1. Smaller, More Discreet Designs

Forget the bulky, beige hearing aids of 30 years ago. Nowadays, hearing aids are much smaller and sleeker and are available in a wide variety of colors to fit your preferences. Thanks to the small and sleek design, these devices are almost invisible when worn.

  1. Language Translation

Some hearing aids with smartphone connectivity can provide language translation in the smartphone app. The app translates speech from different languages and sends the translation to your hearing aids in the language you choose.

  1. Fall Detection

Because people with hearing loss are more likely to experience falls, fall detection can be an important feature. Hearing aids with fall detection have sensors that can track how many times you fall.
This can help you be more aware of any balance issues that may be connected to hearing loss, which you can also further discuss with your hearing care professional.

  1. Rechargeable

Older hearing aids required you to frequently change the batteries. If your batteries died while you were away from the house, you could only hope that you had an extra set of batteries with you.
Now, you can enjoy a full day of hearing without the need to change batteries thanks to rechargeable hearing aids. In many new models, a single charge lasts a full day.
These incredible features make modern hearing aids better than ever. If you would like to learn more about the new features available and how hearing aids can enhance your life, we encourage you to contact our hearing professional today.

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Hearing Aids vs. Hearing Amplification – What Are My Options?

Are you the type who sits in a restaurant or an events center and wishes to be able to boost the sound around you just a bit more? Maybe you’d like to be able to hear if the baby is crying from across the house or possibly, you’re a hunter hoping to enhance the sounds of a deer walking through the woods?
Or are you the one with the TV turned up really loud and are always asking your friends and family to repeat what they said? Do you find yourself avoiding busy, loud, or crowded places because it’s simply too difficult to converse?
Depending on where you fall in this spectrum, you might be interested in a personal sound amplifying product (PSAP) or you might need a hearing aid. There are vast differences between the two, and while they both are designed to help increase sounds, they are not interchangeable. Each device has a specific and important job.

Personal Sound Amplifying Products

PSAP’s are designed to enhance the environmental sounds for people who don’t have any type of hearing loss. They are typically used by outdoor enthusiasts such as hunters or bird watchers, busy parents who have duties in another room but still want to be aware of what babies or small children are up to and are even enjoyed by those who visit the theater.
They are designed to be used occasionally and only for short spans of time. They are not intended for long term daily use. Many people think that PSAP’s are a lower cost option to buying an actual hearing aid, but this is not the case. While not dangerous when used according to the manufacturer’s directions for short term use, these amplifying devices can in fact cause more damage to the hearing of wearers who actually have hearing loss.
For those shopping around, you might find these amplification devices called some combination of the following:

  • Amplifier
  • Digital sound amplifier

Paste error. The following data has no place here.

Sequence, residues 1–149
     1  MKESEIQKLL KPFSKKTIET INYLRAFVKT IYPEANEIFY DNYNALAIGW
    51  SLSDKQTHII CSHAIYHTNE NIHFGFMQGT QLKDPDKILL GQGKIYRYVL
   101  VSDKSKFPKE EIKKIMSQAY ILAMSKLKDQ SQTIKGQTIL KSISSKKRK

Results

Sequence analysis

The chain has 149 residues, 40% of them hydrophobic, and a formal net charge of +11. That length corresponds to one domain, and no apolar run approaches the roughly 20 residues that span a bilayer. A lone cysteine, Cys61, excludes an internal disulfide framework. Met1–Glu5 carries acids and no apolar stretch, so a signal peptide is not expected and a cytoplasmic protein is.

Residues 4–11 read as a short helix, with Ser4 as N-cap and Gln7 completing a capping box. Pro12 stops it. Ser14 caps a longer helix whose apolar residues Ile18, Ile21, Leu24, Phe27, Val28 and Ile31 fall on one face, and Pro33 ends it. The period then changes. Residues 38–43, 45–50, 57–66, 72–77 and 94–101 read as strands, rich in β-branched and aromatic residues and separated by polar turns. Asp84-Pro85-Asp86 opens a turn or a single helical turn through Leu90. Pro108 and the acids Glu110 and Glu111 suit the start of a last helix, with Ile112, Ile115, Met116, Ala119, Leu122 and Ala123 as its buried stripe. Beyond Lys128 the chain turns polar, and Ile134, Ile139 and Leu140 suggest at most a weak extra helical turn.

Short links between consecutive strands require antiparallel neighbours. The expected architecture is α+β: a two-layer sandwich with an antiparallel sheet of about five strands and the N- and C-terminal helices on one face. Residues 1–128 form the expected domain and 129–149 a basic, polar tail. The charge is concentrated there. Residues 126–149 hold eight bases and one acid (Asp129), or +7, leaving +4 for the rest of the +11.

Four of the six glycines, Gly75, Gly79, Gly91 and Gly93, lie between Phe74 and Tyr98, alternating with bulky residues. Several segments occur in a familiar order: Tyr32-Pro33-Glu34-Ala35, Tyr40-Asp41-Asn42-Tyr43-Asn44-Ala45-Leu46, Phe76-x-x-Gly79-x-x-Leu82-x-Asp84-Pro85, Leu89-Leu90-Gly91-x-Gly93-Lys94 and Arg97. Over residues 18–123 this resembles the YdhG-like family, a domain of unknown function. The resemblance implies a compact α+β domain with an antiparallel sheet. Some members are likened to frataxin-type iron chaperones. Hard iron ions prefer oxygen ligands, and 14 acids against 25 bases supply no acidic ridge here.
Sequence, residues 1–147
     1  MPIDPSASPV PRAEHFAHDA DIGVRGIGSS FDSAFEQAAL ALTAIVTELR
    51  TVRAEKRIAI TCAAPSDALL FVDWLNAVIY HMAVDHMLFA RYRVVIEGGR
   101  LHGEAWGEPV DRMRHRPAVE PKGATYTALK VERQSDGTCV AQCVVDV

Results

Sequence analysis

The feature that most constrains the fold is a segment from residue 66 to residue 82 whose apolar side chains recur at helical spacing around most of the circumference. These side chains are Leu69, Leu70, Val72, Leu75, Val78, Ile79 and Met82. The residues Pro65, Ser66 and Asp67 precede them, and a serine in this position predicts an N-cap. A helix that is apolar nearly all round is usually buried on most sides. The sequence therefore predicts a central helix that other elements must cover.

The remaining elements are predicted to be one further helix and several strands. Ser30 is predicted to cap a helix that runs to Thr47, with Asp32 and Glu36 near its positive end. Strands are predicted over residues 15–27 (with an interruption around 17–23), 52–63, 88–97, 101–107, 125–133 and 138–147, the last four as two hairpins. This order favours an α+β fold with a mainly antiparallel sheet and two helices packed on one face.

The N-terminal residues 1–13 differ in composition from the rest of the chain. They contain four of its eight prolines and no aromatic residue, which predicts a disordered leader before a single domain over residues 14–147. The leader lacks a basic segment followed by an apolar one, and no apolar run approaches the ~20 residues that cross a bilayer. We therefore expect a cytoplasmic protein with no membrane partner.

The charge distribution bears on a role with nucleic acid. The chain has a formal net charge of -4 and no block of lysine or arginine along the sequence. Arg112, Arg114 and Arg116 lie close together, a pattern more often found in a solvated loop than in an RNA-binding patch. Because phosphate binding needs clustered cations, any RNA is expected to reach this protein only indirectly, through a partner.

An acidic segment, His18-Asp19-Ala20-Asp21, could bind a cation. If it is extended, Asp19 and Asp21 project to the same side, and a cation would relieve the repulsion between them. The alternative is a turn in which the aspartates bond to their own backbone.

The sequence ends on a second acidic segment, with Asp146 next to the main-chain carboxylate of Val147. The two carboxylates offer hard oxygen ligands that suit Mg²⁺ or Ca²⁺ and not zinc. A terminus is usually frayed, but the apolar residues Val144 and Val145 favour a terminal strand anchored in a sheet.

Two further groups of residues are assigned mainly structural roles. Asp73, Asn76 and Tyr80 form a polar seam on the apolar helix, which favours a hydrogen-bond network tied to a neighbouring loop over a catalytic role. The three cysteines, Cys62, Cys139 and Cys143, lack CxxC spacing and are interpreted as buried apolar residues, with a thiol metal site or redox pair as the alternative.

• Hearing aid amplifier
  • Sound amplifier
  • Voice amplifier

While they are meant to be used within the ear, they are not a substitute for hearing aids. The term “amplifier” is a good clue that they are not a hearing aid. Though different designs are very similar to actual hearing aids, these devices can be purchased over the counter without a prescription or an evaluation of the individual’s hearing.
Unlike hearing aids, amplifiers cannot be customized to the individual’s specific pattern of hearing loss. Many who buy them as an inexpensive substitute for hearing aids are disappointed that they do not meet their expectations. Some are even more put off the idea of buying real hearing aids due to their lack of satisfaction with the amplifiers.

Hearing Aids

For people who have difficulty hearing, the first step is to visit your hearing health professional and have an examination. They will perform some simple tests that will help determine if you do indeed have decreased hearing.
These professionals are trained to diagnose hearing loss, and in many cases can identify the cause of the issue. They can offer ways to improve hearing whether through surgery or the assistance of a hearing device. With their vast knowledge and the benefits of modern technology, there will be a solution to help each patient individually.
For people who are in need of hearing aids, they can be customized to the patient’s particular hearing loss needs. Though they usually come with a higher price tag, they often have the added benefit of being warrantied. Your audiologist or other hearing health professional would be happy to assist you in adjusting for fit, learning to clean the device and change the batteries.
Some models can be operated by an app on a smartphone. The professionals you purchase your device from will be able to help you with learning how to program and make necessary adjustments to have your hearing aids operate at maximum efficiency for your specific needs.
Dr. Melissa Danchak, AuD, says over the counter amplification devices are like drugstore reading glasses, they are more of a one size fits all type of device. For people with vision problems, they tend to outgrow the drugstore readers eventually and must visit an eye doctor in order to get the lenses needed to correct their vision.